JULY 2010

Waste-to-energy ignorance slows growth Click to Enlarge - Covanta’s Alexandria/Arlington Resource Recovery Facility began commercial operation in February 1988 and serves about 300,000 residents of the County of Arlington and the City of Alexandria, which jointly own the site.
E-mail the author

The main barrier holding back the building of waste-to-energy (WTE) plants in the United States is a misunderstanding of facts among the general population. Mention burning garbage to generate energy and the reaction is usually negative because people envision stinking, billowing black smoke and ash falling on their heads – unenlightened heads. They are thinking of old fashioned, dirty incineration where burning only serves to reduce mass with no energy harvest.

Incineration has come a long way. Today, municipal waste combustion units (MWC) are in compliance with the Clean Air Act for Maximum Achievable Control Technology (MACT). A United States Environmental Protection Agency (EPA) memorandum issued in 2007 actually called MWC-MACT performance “outstanding.”

Disposal of waste by burning dates back to man’s first use of fire, but it was not until 1975 that burning solid waste to generate energy became commercially viable in the United States. That’s when the first commercial plant opened. It still operates in Saugus, Massachusetts.

Over the intervening 35 years, the industry has advanced its technology considerably and developed pollution controls that make it one of the cleanest forms of energy generation. We asked Paul Gilman, chief sustainability officer at Covanta Energy about pollution: “We produce electricity with fewer emissions than coal and oil, and most of our plants emit less than natural gas facilities. In some plants we tie natural gas.” 

Covanta is the largest WTE company in North America with 41 plants in 16 states and one in Canada. In North America they annually process more than 20 million tons of municipal solid waste to generate over 10 billion pounds of steam and approximately 9 million megawatt-hours of electricity.

If Americans knew the facts about using WTE plants as compared to landfilling, or burning coal, oil or natural gas, public attitude could be changed. The EPA actually stated that our nation’s 86 waste-to-energy plants produce electricity with less environmental impact than almost any other source of electricity.

Unlike coal, oil, natural gas or nuclear, WTE is classified as renewable energy under the Energy Policy Act of 2005 and by the Department of Energy (DOE). Twenty-five states plus the District of Columbia have laws that define WTE as renewable energy and 15 states include WTE in renewable energy portfolios (state policies mandating electricity providers get a percentage of their power from renewable resources by a certain date). Five states have set nonbinding renewable energy targets.

DOE says turning garbage into energy makes “important contributions to the overall effort to achieve increased renewable energy use and the many associated positive environmental benefits.”

Generally speaking, however, people do not understand the benefits of converting solid waste into power, nor the state of the American industry.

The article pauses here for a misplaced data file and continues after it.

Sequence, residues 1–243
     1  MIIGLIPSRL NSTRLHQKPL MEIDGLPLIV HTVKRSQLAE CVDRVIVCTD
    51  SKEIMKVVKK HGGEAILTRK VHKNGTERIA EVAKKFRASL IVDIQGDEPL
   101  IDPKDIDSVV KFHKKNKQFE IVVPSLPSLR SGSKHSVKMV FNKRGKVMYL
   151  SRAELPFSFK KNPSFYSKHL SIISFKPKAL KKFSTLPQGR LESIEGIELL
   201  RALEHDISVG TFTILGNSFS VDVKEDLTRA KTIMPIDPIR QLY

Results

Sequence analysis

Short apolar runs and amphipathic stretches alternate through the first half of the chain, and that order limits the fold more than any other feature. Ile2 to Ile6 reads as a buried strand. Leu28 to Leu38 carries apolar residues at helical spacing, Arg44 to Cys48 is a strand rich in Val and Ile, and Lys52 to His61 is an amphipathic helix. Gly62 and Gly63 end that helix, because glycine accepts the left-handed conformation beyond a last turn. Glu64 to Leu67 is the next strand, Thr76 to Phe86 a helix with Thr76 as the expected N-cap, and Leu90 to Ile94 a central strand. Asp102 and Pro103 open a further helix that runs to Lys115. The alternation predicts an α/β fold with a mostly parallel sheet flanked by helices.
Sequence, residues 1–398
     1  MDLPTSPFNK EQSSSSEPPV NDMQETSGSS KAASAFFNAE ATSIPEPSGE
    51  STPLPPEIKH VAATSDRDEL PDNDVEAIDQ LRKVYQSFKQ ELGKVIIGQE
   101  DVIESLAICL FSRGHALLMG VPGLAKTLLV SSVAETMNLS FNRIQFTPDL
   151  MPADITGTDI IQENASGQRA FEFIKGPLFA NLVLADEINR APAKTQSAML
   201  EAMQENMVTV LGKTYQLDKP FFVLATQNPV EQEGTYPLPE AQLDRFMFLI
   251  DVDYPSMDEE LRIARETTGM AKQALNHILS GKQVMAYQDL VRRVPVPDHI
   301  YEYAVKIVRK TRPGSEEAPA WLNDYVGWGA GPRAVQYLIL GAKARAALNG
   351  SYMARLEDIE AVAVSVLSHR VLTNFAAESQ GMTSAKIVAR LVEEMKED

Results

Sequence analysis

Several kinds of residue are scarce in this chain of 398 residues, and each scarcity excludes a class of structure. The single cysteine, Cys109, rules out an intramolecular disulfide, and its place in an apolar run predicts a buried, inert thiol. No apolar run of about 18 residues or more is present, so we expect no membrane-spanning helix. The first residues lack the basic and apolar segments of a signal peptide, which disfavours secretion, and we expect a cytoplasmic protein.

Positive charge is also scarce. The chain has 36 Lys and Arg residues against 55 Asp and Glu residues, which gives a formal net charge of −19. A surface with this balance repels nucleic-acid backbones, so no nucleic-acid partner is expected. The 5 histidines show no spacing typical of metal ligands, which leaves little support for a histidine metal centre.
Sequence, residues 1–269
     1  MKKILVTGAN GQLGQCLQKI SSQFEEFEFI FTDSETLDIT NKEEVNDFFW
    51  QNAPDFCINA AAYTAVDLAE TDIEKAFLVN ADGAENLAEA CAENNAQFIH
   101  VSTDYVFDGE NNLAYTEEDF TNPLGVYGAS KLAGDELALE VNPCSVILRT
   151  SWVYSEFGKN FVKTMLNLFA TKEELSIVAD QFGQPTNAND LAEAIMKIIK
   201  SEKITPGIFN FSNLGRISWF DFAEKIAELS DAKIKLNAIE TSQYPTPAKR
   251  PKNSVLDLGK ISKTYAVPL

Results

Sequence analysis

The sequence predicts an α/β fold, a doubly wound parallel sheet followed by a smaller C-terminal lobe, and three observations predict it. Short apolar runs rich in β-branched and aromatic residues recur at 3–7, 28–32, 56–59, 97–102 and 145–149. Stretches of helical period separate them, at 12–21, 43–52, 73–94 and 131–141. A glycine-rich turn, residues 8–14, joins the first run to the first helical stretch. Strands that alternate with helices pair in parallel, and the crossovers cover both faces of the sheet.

The New York Times published a story in April entitled, “Europe Finds Clean Energy in Trash, but U.S. Lags.” The article told how Europe has embraced WTE, has about 400 plants, is expanding existing facilities and building new ones. The article covered positive aspects of WTE, but erred in one important statement: “By contrast, no new waste-to-energy plants are being planned or built in the United States…”

Ted Michaels, president of the Energy Recovery Council, the trade organization representing the United States waste-to-energy industry, wrote a letter to the Times editor (as yet unpublished) that said in part: “…I would take issue with the assertion that there are no new waste-to-energy facilities being planned or constructed in the United States. On the contrary, the United States has seen a resurgence of interest in waste-to-energy and new capacity has been planned and constructed.”

Michaels cited expansions within the past three years of two facilities, each of which added over 50 percent capacity to meet new demand. Other expansions are currently underway in Hawaii and New York, two in Minnesota and several more are being considered at other locations. New facilities have been proposed and are underway in Florida and Maryland. Other facilities are being actively considered in many parts of the country, including plants in Los Angeles and Chester County, South Carolina. Michaels concluded his letter with: “While these facilities will take time to wind their way through the necessary processes, it is clear that waste-to-energy is on the rise in the United States and we will begin to close the gap with our European counterparts.”

“Europe tends to focus less on generating electricity and more on district heating and cooling. In Europe, community-based plants primarily feed hot water into buildings, whereas in the United States it is used to generate electricity to feed into the grid,” Michaels explained.

Nonetheless, both the EPA and the European Commission’s Eurostat estimate that the European Union (EU) annually sends 50 million metric tons to WTE plants while the United States sends about 26 million metric tons. The disparity is less considering that the EU-27 have a population of nearly 500 million and the United States about 300 million. The EU also aggressively discourages landfills through taxation while in the United States landfills are still relatively cheap, but getting more expensive. “When we construct a facility we are in effect competing with landfills. So we have to have a fee that is competitive as well as utilize revenues we get from recycling metals and the energy sales,” said Gilman of Covanta’s business model.